BofA is reporting now what I predicted months ago, which was that the end of all Fed life support would not go smoothly. In fact, I’ve said it will be the end of this economy. While BofA is not quite calling it the end of the economy, they are noting that it is going to be rough from this point forward. I’d add “very, very rough.” BofA missed the call entirely until after the economic collapse started to happen; so, it’s not surprising that they still underestimate the extreme nature this fall will take and don’t call it a global economic collapse … yet. Give them time. They’ll see it after the fact, and I can use them then to verify that what I said would happen … happened.

Recently, I moved a little further in saying that it no longer even mattered whether the Fed ends its low interest or not. That was because I believed the market would finally see that the Fed cannot break free of its own program without killing the economy it has been inflating.

The fall in the stock market and US economy is already happening. For the first time since the Great Recession began, it fell because the Fed said it will NOT raise interest (as it did again briefly today when the Fed repeated a similar statement). I think that is not simply because the market is returning to normal, as BofA acknowledges. It goes deeper than that. The market is starting to break out of economic denial and doesn’t like the crumbling world its eyes see upon first awakening. The mirage of recovery is no longer sustainable because the economies of the entire world are crumbling.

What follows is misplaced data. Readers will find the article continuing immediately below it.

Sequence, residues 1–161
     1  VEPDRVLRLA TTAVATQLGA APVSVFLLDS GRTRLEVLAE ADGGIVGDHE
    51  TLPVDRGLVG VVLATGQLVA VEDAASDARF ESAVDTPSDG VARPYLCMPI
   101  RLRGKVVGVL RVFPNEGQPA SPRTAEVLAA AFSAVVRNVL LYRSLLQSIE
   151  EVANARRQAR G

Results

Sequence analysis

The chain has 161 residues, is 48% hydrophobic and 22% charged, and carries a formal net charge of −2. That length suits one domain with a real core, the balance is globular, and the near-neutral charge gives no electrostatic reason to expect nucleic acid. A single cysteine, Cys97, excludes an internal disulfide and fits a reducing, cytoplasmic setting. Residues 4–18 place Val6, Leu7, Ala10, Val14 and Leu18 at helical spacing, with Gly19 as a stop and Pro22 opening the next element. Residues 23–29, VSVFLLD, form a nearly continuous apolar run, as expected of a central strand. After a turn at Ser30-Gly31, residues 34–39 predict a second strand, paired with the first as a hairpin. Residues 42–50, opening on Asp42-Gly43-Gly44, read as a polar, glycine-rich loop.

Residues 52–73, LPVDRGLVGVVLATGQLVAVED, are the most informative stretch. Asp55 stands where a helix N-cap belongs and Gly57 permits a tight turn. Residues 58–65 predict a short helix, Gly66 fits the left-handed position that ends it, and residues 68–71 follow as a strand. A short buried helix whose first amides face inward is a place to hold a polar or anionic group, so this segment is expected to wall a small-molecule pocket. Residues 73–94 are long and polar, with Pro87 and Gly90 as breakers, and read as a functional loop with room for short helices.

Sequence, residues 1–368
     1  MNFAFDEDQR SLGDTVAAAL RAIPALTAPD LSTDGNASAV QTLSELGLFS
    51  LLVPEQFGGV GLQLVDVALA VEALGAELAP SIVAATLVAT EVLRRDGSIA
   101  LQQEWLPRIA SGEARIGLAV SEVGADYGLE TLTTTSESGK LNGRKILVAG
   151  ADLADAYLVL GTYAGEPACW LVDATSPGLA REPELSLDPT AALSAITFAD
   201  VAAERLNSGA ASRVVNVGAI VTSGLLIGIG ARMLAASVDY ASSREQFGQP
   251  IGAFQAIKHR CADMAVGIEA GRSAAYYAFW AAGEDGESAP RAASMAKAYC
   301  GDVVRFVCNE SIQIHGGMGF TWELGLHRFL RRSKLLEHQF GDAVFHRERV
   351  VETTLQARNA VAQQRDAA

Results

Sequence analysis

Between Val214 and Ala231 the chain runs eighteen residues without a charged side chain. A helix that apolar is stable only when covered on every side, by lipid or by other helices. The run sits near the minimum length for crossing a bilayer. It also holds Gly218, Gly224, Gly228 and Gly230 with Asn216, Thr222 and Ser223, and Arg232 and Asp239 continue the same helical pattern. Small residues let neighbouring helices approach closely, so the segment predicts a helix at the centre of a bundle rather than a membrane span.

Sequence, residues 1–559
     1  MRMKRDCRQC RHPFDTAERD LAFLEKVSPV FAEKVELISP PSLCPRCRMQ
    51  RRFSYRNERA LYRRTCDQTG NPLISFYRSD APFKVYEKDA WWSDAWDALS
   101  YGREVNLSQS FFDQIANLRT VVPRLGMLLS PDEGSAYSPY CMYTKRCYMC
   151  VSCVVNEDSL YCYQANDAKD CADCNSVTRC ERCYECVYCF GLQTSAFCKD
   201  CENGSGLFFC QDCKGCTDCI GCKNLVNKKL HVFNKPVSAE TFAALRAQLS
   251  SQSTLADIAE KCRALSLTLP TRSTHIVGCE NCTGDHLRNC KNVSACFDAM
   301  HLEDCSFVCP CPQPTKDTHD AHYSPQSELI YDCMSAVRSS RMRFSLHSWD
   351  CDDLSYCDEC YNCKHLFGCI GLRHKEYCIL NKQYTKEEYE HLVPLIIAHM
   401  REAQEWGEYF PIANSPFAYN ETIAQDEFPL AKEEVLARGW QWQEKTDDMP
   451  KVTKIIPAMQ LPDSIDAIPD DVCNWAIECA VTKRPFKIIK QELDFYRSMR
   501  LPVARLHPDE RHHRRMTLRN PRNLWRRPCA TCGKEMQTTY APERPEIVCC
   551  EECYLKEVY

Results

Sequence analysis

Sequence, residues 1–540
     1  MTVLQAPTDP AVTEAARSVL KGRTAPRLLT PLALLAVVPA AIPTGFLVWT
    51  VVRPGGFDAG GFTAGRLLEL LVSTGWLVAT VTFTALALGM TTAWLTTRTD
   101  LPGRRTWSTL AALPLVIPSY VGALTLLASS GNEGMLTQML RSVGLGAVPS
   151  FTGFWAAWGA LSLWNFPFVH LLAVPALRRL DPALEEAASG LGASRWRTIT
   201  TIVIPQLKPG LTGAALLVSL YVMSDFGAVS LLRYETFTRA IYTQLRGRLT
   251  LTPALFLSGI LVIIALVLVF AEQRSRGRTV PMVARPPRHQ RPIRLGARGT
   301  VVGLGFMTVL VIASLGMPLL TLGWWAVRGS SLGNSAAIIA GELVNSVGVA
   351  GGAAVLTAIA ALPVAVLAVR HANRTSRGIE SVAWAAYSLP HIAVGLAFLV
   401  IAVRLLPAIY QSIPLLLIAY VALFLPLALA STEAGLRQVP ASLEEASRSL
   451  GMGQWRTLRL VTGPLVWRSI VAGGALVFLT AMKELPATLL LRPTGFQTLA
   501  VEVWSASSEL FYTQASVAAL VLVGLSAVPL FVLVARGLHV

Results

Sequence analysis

Expect economists to be the last to see global economic collapse coming

 

Even economists — the people who have proven least able to see economic downturns coming or to understand what makes an economy function healthily — are now seeing through their bottle-thick glasses that it looks like the US is going into recession:

 

As the evidence, that the US economy is either in or near a recession, mounts (confirmed by a new cycle high in inventories-to-sales just today), it appears even the most ardent optimists are admitting the odds of a US recession are on the rise. As Bloomberg reports, for the first time in 14 months, economists year-ahead recession probability estimates rose (to their highest level in 2 years). (ZeroHedge)

 

You can’t expect modern economists to be the first to see a global economic apocalypse; but they are, at least, beginning to see that there is a higher likelihood of a US recession. (Old-world economists can see it, but they are an ignored minority right now.) Most economists won’t even see something as big as global economic collapse coming until several months after its here because they need two quarters of economic decline in order to know we’re in a recession. Hence, all recessions are officially declared half a year after the fact of their beginning.

Remember that one of the high priests of Economics, Ben BreakTheBanke, declared that the housing market was in sound shape and that there was no recession in site after we had already entered recession and the housing market had already begun to decline? He just didn’t know we had entered recession yet (nor even have a clue it was happening) because economists of his ilk need half a year of facts before they can make that determination.

If they’d stop making those bottle-bottom glasses out of brown liquor bottles, maybe people like Gentle Ben could, at least, see through them. Because recessions are ground-huggers, they don’t show up as well from lofty ivory towers as they do from the street. So, it’s hard for people like Ben to see them even when they are happening.

Poor Gentle Ben. He missed calling that one, and now he’s going to miss this one, too. You would think that would get humiliating after awhile. You know: being an economist who was in charge of the global monetary system and the czar of economic salvation and all and, yet, being last to figure out what is actually happening in the economy. That has to be so annoying.